With regards to the fighting on the Ma’rib front, Gezan said, “the Houthis want to control this province to change the balance of power,” and called for support for Ma’rib through a series of measures including: support for the legitimate government and the Yemeni military, renouncing the Stockholm Agreement that established the current ceasefire for the port and city of Hodeidah to pressure the Houthis, announcing of a public mobilisation to involve the Yemeni people in the liberation of Sana’a, and mobilising all fronts to undermine Houthi efforts.
The Yemeni official concluded his presentation by calling on the United States to increase pressure on the Houthis to end the war and the suffering of the people and force them to execute the outcomes of the national dialogue, the Gulf initiative and UN resolutions, especially resolution no. 2216 of 2015 that demanded that the Houthis end the violence and withdraw from all of the areas they seized during the conflict including the capital. “Without an international position, Gezan said, “the Houthis will continue their aggression unchecked.”
Conditional Houthi willingness to end the war
Mohammed al-Bukhaiti, member of Ansar Allah’s political bureau, suggested that the cause of this war is not the Houthis but “the states of aggression,” particularly Saudi Arabia and the United Arab Emirates, and that his group is willing to end the war immediately under the condition that these states stop their attacks, lift the blockade “on the Yemeni people,” and stop interfering in Yemeni affairs and threatening Yemen’s security, sovereignty and territorial cohesion.
On the current situation in Ma’rib, he pointed out that it is an oil-rich province and that seizing control of it is necessary given the exacerbated blockade imposed on the country particularly with the prevention of oil products on which various aspects of life depend, such as diesel necessary to raise water from wells for drinking and agriculture.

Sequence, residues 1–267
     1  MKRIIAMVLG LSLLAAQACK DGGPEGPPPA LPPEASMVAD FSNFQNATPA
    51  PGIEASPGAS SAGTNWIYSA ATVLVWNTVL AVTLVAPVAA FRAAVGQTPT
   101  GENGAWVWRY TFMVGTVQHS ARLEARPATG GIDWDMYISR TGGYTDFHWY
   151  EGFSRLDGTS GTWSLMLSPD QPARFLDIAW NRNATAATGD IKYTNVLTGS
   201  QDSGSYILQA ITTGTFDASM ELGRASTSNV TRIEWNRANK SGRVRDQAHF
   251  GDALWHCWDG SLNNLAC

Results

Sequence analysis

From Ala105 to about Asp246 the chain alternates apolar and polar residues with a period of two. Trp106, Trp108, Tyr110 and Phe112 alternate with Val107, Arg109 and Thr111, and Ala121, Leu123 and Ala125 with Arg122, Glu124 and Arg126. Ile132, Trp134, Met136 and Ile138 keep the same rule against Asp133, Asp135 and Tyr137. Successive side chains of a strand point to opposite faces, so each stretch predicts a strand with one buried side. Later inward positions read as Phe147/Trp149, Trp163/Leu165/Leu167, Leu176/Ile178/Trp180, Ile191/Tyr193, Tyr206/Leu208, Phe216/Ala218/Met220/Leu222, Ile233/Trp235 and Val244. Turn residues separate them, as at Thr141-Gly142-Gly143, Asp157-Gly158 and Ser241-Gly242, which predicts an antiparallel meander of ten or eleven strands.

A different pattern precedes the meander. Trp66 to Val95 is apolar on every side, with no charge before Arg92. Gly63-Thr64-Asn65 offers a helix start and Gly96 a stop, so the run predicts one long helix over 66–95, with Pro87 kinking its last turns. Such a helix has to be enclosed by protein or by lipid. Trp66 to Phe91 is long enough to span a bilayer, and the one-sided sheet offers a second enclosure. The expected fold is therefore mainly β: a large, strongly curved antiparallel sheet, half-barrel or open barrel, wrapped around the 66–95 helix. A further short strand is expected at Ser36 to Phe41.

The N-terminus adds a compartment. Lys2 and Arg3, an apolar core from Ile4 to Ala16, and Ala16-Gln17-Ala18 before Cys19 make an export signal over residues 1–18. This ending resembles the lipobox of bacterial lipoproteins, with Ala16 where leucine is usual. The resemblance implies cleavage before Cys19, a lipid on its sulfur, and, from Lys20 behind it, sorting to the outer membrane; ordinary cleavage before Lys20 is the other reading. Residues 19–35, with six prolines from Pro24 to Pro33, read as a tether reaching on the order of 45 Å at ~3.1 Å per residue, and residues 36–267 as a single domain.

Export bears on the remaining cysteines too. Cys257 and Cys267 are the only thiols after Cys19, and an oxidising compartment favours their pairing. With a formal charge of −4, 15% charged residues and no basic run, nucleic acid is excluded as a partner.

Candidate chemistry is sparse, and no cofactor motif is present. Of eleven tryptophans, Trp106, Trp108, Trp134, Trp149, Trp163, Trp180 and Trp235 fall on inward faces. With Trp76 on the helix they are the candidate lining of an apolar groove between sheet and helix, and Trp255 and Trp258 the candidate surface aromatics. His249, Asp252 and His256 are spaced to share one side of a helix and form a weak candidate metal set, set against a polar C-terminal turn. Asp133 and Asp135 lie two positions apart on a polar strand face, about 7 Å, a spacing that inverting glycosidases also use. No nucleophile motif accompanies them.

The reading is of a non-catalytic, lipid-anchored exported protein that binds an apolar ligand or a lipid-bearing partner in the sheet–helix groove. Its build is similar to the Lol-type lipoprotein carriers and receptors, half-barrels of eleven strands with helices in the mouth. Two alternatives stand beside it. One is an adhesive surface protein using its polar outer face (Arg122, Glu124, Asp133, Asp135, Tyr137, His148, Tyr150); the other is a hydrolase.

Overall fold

Al-Bukhaiti concluded by saying that the Houthis “are determined to keep fighting until they liberate every inch of Yemen if the aggressors insist on following the same path.”
Ending the war is a Yemeni need and regional necessity
The webinar closed with a presentation by Saeed Thabit, Chief of Al Jazeera’s Bureau in Sana’a, in which he maintained that the Houthis misunderstood the United States’ decision to remove them from the list of terrorist organisations. Instead of moving towards a peaceful settlement, they escalated internally on the Ma'rib front and externally against Saudi Arabia, causing great harm to civilians.
Thabit expressed his expectation that US pressures will amplify if the Houthis maintain their course of action.
Regarding the prospects of ending the seven-year war, he asserted that the matter requires the will of all parties both in the country and abroad, saying “wars are not ended by wishing but by acknowledging facts on the ground.” He also expressed his lack of optimism about this happening anytime soon due to the inability of the negotiations that took place with the Houthis regarding the prisoner exchange to make a significant breakthrough.
Moreover, Thabit indicated that the regional and international factor will be more likely to end or continue the war in Yemen, stating “the decision of internal parties to the conflict has become, due to the length of the war, subject to their supporters abroad.” He concluded his presentation by calling on “Yemen’s free people” to save their country from war and foreign intervention, warning of the entailing humanitarian cost, the disintegration of the political entity and shaky security and stability of neighbouring countries.